November 27, 2012 Leave a comment
Action movies are chock full of stunts that keep audiences on the edges of their seats and make workplace safety professionals cringe. The Burt Reynolds classic “Hooper” demonstrates three principles of safety you should embrace.
Principle 1. Older workers can be productive members of the workforce
Reynolds plays veteran Hollywood stuntman Sonny Hooper. Hooper has spent his life abusing his body on the job. Now in his twilight years, he should be kicking back on the beach.
Instead, he’s pushing himself to keep up with a young hotshot nicknamed The Kid.
Older workers like Hooper can be productive team members, but you have to remember a golden rule of aging: Things you did in your 20s don’t always come as easily when you’re in your 40s, 50s and 60s.
Of course, most of us don’t make a living hurling ourselves out of helicopters like Hooper does. Still, a few simple adjustments can help all of your employees, especially older employees, withstand the rigors of the workday.
Extra lighting and larger computer monitors make up for failing vision. Hand trucks and dollies make it easier to move heavy loads.
You should also look at your policies and procedures for opportunities to reduce the wear and tear on employees’ bodies.
For example, reduce the strain of repetitive motions by regularly rotating tasks. Encourage employees to leave their workstations periodically to stretch and refocus their energy.
Principle 2. Substance abuse has no place in the workplace
Hooper’s employer has no incentive to accommodate his aging body. The Kid is eager to take on any stunt Hooper declines.
So, Hooper turns to prescription pain pills – lots of them. He has a substance abuse problem, and he is not alone.
About 75 percent of illicit drug users are employed, according to the National Institute on Drug Abuse. Studies show that when compared with non–substance abusers, substance-abusing employees are more likely to be less productive, be involved in a workplace accident and file a workers’ compensation claim.
You can clean up the problem by combining a written zero tolerance for substance abuse policy with a drug-testing program that includes pre-employment, post-accident, for cause and random testing.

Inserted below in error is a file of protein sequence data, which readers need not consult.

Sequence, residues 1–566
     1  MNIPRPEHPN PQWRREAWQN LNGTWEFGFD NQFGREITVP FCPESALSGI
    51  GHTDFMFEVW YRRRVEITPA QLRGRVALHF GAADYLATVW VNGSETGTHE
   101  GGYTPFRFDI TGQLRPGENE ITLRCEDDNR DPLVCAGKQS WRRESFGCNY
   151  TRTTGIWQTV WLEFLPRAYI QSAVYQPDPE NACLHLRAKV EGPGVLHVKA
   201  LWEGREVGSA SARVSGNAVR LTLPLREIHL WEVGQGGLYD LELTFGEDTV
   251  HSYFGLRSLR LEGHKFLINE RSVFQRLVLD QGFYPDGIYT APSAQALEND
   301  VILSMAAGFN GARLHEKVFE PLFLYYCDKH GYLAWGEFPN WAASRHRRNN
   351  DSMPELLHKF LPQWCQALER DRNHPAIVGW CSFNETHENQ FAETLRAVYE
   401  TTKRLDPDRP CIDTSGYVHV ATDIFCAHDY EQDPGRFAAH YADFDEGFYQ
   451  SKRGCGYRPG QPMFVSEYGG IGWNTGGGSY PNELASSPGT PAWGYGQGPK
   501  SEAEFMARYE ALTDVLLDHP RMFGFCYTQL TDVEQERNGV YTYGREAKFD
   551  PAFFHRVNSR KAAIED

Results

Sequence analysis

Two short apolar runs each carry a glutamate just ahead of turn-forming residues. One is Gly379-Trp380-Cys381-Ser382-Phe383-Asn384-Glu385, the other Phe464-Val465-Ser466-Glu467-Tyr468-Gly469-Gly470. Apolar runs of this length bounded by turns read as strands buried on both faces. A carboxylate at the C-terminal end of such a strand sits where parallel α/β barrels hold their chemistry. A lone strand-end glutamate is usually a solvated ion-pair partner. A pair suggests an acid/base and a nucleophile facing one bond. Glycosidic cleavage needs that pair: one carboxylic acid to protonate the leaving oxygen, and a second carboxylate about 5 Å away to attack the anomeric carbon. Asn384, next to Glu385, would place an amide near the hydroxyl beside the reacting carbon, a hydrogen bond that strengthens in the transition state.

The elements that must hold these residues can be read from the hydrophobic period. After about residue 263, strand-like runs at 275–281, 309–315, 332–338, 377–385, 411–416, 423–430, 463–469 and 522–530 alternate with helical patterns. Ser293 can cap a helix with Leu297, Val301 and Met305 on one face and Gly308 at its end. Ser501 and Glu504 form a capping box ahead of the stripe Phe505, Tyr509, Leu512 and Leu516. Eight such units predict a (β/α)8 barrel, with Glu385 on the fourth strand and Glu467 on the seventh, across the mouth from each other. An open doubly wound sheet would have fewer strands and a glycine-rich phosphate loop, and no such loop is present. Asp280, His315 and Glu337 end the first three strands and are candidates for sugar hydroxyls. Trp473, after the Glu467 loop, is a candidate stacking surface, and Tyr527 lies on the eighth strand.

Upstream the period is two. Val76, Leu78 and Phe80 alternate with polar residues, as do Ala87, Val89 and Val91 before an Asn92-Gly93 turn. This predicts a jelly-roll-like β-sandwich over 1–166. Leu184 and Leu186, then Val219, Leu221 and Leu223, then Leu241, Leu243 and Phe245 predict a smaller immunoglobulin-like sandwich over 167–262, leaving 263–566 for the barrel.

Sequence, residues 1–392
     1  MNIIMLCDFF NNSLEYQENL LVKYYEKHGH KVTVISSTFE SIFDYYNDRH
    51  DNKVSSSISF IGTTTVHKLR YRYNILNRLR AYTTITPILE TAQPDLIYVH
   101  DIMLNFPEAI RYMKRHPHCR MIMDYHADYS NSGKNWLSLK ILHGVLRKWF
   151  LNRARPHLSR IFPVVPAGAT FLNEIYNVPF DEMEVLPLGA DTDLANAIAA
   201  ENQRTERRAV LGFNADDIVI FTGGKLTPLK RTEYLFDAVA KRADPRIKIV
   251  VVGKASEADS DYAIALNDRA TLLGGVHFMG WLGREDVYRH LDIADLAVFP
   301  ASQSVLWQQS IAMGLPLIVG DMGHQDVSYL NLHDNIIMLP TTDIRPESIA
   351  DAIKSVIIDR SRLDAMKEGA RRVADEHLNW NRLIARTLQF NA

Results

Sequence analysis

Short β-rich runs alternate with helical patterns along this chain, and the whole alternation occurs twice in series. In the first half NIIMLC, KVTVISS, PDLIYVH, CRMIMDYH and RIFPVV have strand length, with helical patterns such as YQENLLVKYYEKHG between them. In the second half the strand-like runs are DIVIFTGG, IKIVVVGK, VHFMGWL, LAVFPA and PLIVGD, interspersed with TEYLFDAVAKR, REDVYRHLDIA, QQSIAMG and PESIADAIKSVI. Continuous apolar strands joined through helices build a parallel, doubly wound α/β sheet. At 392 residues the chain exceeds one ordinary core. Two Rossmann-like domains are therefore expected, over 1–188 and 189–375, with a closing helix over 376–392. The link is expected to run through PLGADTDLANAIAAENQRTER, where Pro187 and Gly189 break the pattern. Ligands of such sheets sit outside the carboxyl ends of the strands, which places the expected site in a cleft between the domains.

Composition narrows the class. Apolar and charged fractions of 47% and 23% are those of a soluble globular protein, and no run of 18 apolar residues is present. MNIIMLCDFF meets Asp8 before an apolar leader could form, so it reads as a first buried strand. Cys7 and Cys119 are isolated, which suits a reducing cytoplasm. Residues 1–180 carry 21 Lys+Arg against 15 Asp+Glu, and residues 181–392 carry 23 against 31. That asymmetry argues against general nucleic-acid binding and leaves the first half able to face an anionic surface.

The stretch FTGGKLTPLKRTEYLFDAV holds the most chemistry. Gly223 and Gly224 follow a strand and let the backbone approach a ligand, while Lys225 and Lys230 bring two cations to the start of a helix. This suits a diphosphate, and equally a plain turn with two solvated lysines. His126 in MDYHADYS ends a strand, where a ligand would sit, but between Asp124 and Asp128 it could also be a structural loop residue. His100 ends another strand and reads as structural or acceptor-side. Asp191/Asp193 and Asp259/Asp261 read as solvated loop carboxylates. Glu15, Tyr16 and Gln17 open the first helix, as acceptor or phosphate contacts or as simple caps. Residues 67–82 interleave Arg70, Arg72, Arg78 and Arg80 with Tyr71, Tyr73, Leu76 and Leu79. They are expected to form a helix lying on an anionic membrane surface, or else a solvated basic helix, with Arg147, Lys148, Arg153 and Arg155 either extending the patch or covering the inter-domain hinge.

Before you launch a drug-testing program, however, consult an attorney to ensure you comply with all laws.
Principle 3. Transportation safety starts before you get in the car
Every action film worth its salt has a climax – a scene where buildings fall, cars explode and the heroes emerge bruised but victorious.
In “Hooper,” the climax happens when Reynolds and The Kid attempt to jump a car over a canyon.
Don’t worry; the car is powered by a rocket-propelled engine. Just before Hooper and The Kid make the jump, however, they discover the rocket propulsion doesn’t work. They should have inspected the car in advance.
In 2011, transportation incidents accounted for 40 percent of workplace fatalities across the country. You can keep your employees from becoming statistics by stressing that the road to safety starts before they get in the car.
Employees should check the brakes, horn, lights, turn signals, tire tread, windshield wipers, seat belts and other safety features. They should also make sure their vehicle has a cell phone, flashlight and flares or reflectors in case the car breaks down.
Of course, vehicle inspections take time. If you want employees to embrace the process, they have to trust that their safety is more important than getting somewhere fast.
Safety has to be a value that never gets compromised. It has to be as important as quality and production. When it reaches that point, employees will police themselves and each other.